Today we made our very first set of carbon flux measurements. We placed a clear chamber onto the stainless steel collars that we had inserted into soil last week. This provides for a great seal - we do not want any air leaks! Because the chambers are clear we have two concurrent processes: we have carbon going into the ecosystem through photosynthesis by the plants enclosed within that chamber (the chamber is clear, so plants receive light for photosynthesis), but there is also respiration (microbes and plants respire CO2, just like we do). Our devices measure the change in CO2 concentrations within the chamber for a short period. Does the CO2 increase (meaning there is more CO2 being respired than is taken up through photosynthesis, thereby increasing CO2 concentrations)? Or, does the CO2 decrease (i.e., are plants removing more CO2 from the air than is released through respiration?).
Thanks, Doc (Dr. Rich Harper), for the great photo of Kelly and I measuring CO2 fluxes with the LI-6800.
One major question in my research is how warming affects the net carbon balance. So… will warming have a greater effect on plant photosynthesis (i.e. carbon gain) or on respiration (i.e, carbon loss)?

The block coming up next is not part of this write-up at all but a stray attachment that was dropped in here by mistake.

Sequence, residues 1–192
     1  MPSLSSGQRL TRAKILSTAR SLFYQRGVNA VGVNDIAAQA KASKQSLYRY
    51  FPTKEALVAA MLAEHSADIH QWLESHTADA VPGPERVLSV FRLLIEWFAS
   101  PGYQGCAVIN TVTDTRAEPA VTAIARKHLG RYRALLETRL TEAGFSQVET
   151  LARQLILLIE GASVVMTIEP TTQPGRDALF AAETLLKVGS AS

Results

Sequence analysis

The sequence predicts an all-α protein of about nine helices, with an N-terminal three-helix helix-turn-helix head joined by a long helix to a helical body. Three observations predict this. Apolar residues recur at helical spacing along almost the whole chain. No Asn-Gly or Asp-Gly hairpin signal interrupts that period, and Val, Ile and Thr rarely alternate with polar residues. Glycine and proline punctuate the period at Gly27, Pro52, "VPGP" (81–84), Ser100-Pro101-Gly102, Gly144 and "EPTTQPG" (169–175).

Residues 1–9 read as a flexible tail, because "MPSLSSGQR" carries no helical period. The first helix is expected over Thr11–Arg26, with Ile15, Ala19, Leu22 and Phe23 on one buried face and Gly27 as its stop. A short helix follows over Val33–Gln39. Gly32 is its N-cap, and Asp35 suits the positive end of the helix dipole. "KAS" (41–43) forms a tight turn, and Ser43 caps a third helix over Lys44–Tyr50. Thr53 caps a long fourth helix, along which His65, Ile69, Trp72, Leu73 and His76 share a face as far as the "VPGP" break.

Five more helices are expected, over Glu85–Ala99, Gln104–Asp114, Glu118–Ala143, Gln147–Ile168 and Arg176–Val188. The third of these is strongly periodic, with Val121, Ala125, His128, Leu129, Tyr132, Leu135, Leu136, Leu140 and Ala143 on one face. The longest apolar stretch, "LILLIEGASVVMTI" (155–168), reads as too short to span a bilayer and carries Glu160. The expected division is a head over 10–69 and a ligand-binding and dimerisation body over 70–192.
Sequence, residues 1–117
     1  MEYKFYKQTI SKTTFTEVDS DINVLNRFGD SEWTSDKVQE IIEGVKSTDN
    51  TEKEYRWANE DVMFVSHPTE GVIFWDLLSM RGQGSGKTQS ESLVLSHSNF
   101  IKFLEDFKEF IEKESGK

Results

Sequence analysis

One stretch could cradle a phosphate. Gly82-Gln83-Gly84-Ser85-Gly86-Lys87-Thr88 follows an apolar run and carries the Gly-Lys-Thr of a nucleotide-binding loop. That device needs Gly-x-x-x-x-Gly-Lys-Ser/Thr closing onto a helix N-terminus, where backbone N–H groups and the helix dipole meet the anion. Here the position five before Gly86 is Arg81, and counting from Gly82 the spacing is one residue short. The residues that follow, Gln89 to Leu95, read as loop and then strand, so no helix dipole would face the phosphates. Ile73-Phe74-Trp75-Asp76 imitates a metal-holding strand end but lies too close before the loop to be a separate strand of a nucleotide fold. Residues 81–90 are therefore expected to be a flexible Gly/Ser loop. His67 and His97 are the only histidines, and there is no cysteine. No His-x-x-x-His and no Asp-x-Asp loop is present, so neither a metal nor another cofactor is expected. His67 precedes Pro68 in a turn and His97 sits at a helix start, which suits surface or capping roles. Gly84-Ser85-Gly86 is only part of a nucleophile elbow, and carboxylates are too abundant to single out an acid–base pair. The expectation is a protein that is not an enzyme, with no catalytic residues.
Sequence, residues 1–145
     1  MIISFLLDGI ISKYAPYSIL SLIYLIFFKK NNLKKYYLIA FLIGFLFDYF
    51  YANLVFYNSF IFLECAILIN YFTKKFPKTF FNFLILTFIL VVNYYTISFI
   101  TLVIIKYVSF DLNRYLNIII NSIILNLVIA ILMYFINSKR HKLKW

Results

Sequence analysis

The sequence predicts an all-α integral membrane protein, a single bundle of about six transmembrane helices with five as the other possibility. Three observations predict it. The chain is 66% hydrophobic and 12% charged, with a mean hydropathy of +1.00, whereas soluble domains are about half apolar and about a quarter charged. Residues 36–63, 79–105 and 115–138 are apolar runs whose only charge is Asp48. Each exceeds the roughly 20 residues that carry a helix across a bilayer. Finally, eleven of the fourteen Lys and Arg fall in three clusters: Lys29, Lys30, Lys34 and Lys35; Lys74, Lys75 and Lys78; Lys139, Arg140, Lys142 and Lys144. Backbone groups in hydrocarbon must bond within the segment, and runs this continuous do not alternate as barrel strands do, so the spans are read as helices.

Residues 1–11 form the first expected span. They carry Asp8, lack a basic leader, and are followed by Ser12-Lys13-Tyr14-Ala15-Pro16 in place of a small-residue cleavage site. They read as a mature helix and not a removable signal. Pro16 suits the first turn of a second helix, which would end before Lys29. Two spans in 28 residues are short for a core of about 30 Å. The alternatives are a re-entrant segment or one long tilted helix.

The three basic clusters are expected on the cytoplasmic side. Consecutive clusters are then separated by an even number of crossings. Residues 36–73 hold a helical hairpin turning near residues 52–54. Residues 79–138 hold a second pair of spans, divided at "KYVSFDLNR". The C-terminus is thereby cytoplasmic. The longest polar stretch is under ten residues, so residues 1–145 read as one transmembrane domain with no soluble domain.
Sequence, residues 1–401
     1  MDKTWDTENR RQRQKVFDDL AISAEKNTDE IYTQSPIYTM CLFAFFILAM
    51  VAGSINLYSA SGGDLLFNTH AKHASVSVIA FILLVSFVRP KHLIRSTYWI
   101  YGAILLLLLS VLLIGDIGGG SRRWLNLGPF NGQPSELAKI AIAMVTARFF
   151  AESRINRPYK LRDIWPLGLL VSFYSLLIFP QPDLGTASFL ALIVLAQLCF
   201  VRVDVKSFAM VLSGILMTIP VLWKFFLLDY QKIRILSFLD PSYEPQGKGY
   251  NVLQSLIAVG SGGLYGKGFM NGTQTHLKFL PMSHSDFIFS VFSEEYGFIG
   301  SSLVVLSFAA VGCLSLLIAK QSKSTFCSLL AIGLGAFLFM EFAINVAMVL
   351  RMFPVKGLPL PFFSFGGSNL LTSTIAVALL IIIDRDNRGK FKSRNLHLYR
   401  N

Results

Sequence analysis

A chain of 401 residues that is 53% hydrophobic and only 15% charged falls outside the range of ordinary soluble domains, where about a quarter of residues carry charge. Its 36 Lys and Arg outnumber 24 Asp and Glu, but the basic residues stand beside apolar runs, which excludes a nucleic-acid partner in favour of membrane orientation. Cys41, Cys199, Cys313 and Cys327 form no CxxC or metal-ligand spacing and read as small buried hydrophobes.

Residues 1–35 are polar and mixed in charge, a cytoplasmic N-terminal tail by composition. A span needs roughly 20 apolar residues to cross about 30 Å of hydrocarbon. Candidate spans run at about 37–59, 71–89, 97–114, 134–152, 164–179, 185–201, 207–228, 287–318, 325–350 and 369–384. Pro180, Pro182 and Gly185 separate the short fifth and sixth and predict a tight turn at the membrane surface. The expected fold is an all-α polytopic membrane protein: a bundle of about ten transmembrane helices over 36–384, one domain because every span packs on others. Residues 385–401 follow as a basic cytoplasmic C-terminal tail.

We need to take these measurements before we start the warming treatment with the cone-shaped chambers I showed on day 14. Getting pre-treatment data is good practice in science - how would you know if a treatment worked unless you have some pre-treatment information?
My study is important, because what if warming increases net carbon loss from the ecosystem? That means faster increases in CO2 in the atmosphere and thus accelerated warming rates.
Apparently two Adélie penguins, who belong to the species of penguins whose populations have plummeted in the Palmer area because of the rapid warming rates in the region, are curious about my research question also! A self-reinforcing cycle between atmospheric warming rates and carbon could affect them further!
They actually stayed a while with us, watching us closely. We had to work under their scrutiny, so we made sure we did excellent work!
A leopard seal floating on an ice floe seemed to care a little less about our project as it dozed for hours (seriously, hours!!!). This of course, gave great photo opportunities while watching safely from our field site.
What a great way to end the day!!! HAPPY NEW YEAR EVERYONE!